Dog flipping becoming growing problem in our area

Pamela Workman is working to get her dog back.

"She was just my best friend, really," Workman said of her 1-year-old hunting dog, Zoey.

She believes someone took Zoey about two weeks ago from her home in Livingston County. Workman said Zoey never ran off before, and she thinks it’s the work of crooks. "Very worried. I’m thinking the reward would bring her home," Workman told Local 6.

However, Zoey has not been found. Workman is now trying to warn others about the trend of dog flipping. "So many people I talked to in the two weeks about this situation, I was taken back about it," she said. 

Animal care workers say dog flipping is mainly done online. Thieves post pictures of the dogs and try to resell them for a quick buck. "Typically, a lot of people will hold onto the dogs until a reward is posted," said Marshall County Humane Society Director Ashley Smith.  

Smith said she believes social media websites are a hotbed for holding animals for ransom. She started noticing a sharp increase in filing missing dog reports six months ago. "Neighbors have witnessed vehicles coming into their driveway and picking up the dogs. People have witnessed vehicles trying to lure dogs out of their yard," Smith said.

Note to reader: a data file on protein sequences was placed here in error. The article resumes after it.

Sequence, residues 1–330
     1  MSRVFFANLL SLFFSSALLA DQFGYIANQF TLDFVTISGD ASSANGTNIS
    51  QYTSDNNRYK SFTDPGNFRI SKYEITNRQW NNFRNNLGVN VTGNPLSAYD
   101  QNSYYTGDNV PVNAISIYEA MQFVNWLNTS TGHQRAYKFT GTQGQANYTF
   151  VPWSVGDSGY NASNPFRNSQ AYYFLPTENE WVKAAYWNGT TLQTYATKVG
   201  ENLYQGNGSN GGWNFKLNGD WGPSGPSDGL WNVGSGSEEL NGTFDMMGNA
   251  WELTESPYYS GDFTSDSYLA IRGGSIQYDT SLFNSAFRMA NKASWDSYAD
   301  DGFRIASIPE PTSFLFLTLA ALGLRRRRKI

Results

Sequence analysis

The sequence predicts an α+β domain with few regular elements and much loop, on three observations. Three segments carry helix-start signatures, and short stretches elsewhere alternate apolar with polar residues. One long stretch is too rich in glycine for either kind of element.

For Workman, it’s no joke. She’s now offering a $300 reward to bring Zoey home. "Every day I put out fliers. I’m going to keep making them. I’m going to keep putting them out and going to make people aware, and I am going to help other people get their animals back, too," she said. 

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